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Infect Immun. 2017 Dec 19;86(1). pii: e00410-17. doi: 10.1128/IAI.00410-17. Print 2018 Jan.

Microbial Composition Predicts Genital Tract Inflammation and Persistent Bacterial Vaginosis in South African Adolescent Females.

Lennard K1,2, Dabee S1,3, Barnabas SL1,3, Havyarimana E1,3,4, Blakney A5, Jaumdally SZ1,3, Botha G1,2, Mkhize NN6, Bekker LG1,4, Lewis DA7,8,9,6, Gray G10,11, Mulder N1,2, Passmore JS1,3,12, Jaspan HB13,3,14,15,16.

Author information

1
Institute of Infectious Disease and Molecular Medicine, University of Cape Town, Cape Town, South Africa.
2
Department of Integrative Biomedical Sciences, University of Cape Town, Cape Town, South Africa.
3
Department of Pathology, University of Cape Town, Cape Town, South Africa.
4
Desmond Tutu HIV Centre, University of Cape Town, Cape Town, South Africa.
5
Department of Bioengineering, University of Washington, Seattle, Washington, USA.
6
National Institute for Communicable Diseases, Sandringham, Johannesburg, South Africa.
7
Western Sydney Sexual Health Centre, Parramatta, Australia.
8
Marie Bashir Institute for Infectious Diseases and Biosecurity, University of Sydney, Sydney, Australia.
9
Sydney Medical School-Westmead, University of Sydney, Sydney, Australia.
10
Perinatal HIV Research Unit, University of the Witwatersrand, Johannesburg, South Africa.
11
South African Medical Research Council, Cape Town, South Africa.
12
National Health Laboratory Service, Johannesburg, South Africa.
13
Institute of Infectious Disease and Molecular Medicine, University of Cape Town, Cape Town, South Africa hbjaspan@gmail.com.
14
Seattle Children's Research Institute, Seattle, Washington, USA.
15
Department of Pediatrics, University of Washington, Seattle, Washington, USA.
16
Department of Global Health, University of Washington, Seattle, Washington, USA.

Abstract

Young African females are at an increased risk of HIV acquisition, and genital inflammation or the vaginal microbiome may contribute to this risk. We studied these factors in 168 HIV-negative South African adolescent females aged 16 to 22 years. Unsupervised clustering of 16S rRNA gene sequences revealed three clusters (subtypes), one of which was strongly associated with genital inflammation. In a multivariate model, the microbiome compositional subtype and hormonal contraception were significantly associated with genital inflammation. We identified 40 taxa significantly associated with inflammation, including those reported previously (Prevotella, Sneathia, Aerococcus, Fusobacterium, and Gemella) as well as several novel taxa (including increased frequencies of bacterial vaginosis-associated bacterium 1 [BVAB1], BVAB2, BVAB3, Prevotella amnii, Prevotella pallens, Parvimonas micra, Megasphaera, Gardnerella vaginalis, and Atopobium vaginae and decreased frequencies of Lactobacillus reuteri, Lactobacillus crispatus, Lactobacillus jensenii, and Lactobacillus iners). Women with inflammation-associated microbiomes had significantly higher body mass indices and lower levels of endogenous estradiol and luteinizing hormone. Community functional profiling revealed three distinct vaginal microbiome subtypes, one of which was characterized by extreme genital inflammation and persistent bacterial vaginosis (BV); this subtype could be predicted with high specificity and sensitivity based on the Nugent score (≥9) or BVAB1 abundance. We propose that women with this BVAB1-dominated subtype may have chronic genital inflammation due to persistent BV, which may place them at a particularly high risk for HIV infection.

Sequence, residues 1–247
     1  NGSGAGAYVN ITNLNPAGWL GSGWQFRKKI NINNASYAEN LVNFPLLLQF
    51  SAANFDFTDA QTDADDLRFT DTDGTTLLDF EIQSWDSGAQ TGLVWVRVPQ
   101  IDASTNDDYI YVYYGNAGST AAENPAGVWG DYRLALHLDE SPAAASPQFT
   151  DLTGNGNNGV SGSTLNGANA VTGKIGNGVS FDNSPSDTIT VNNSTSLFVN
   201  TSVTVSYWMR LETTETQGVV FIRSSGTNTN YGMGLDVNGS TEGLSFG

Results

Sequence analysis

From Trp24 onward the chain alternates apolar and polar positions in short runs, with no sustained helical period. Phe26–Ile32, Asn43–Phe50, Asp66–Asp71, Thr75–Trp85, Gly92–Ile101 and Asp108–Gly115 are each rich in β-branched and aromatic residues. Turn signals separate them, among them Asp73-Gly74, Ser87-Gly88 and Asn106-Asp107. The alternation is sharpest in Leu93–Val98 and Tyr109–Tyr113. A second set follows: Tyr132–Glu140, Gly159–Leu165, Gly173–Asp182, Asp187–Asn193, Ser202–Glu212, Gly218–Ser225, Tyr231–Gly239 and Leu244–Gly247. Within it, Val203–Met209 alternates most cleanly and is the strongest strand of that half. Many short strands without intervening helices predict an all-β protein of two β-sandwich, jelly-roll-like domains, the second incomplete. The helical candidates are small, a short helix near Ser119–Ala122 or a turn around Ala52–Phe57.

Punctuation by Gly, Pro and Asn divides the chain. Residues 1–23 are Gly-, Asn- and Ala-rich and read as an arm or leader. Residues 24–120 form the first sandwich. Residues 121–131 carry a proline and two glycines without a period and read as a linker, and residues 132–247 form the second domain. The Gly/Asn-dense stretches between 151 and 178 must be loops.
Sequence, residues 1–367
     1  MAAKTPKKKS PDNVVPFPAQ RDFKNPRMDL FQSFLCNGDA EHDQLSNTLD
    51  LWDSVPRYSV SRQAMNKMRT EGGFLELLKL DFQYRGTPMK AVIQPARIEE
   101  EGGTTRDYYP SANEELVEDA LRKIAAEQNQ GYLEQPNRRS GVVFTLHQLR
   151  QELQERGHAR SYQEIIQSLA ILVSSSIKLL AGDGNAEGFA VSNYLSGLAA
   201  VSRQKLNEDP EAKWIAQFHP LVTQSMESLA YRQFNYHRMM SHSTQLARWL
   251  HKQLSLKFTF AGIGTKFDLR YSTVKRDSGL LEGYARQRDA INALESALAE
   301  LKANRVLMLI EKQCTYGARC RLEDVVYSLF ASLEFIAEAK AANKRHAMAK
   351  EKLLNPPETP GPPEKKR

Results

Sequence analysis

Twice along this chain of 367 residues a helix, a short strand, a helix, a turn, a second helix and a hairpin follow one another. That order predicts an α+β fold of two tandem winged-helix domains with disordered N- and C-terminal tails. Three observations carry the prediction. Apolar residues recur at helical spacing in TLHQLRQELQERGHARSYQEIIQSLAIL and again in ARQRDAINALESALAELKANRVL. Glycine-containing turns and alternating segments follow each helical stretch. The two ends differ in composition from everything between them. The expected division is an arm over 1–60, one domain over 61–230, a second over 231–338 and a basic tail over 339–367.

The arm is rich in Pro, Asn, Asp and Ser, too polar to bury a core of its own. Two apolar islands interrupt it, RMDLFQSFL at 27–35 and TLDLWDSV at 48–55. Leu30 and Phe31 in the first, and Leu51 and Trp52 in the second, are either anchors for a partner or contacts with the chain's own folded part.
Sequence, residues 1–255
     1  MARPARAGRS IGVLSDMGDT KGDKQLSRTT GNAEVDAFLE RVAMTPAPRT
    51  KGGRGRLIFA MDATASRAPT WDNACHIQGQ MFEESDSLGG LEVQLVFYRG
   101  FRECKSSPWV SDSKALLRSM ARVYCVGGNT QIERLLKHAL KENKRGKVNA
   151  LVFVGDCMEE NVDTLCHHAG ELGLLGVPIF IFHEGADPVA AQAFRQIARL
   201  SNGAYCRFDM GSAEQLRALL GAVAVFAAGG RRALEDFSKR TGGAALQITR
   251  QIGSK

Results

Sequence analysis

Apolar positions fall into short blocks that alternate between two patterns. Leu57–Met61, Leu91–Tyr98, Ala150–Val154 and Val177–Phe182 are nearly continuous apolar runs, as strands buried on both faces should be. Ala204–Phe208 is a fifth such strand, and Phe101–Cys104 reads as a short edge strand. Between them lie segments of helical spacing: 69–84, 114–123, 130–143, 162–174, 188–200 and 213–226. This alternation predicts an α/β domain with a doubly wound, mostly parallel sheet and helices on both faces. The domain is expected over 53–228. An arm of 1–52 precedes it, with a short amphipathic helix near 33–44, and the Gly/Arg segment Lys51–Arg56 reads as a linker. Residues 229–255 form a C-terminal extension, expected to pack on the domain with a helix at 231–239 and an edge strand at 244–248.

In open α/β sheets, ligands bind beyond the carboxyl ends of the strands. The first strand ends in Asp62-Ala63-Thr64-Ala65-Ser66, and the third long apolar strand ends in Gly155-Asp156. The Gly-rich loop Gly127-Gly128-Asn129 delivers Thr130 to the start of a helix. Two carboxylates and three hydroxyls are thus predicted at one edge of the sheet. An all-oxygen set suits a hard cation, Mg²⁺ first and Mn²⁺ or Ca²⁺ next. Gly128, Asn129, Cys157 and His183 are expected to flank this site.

KEYWORDS:

16S RNA; HIV susceptibility; HIV target cells; female genital tract microbiome; inflammation; vaginal microbiome

PMID:
29038128
PMCID:
PMC5736802
DOI:
10.1128/IAI.00410-17
[Indexed for MEDLINE]
Free PMC Article

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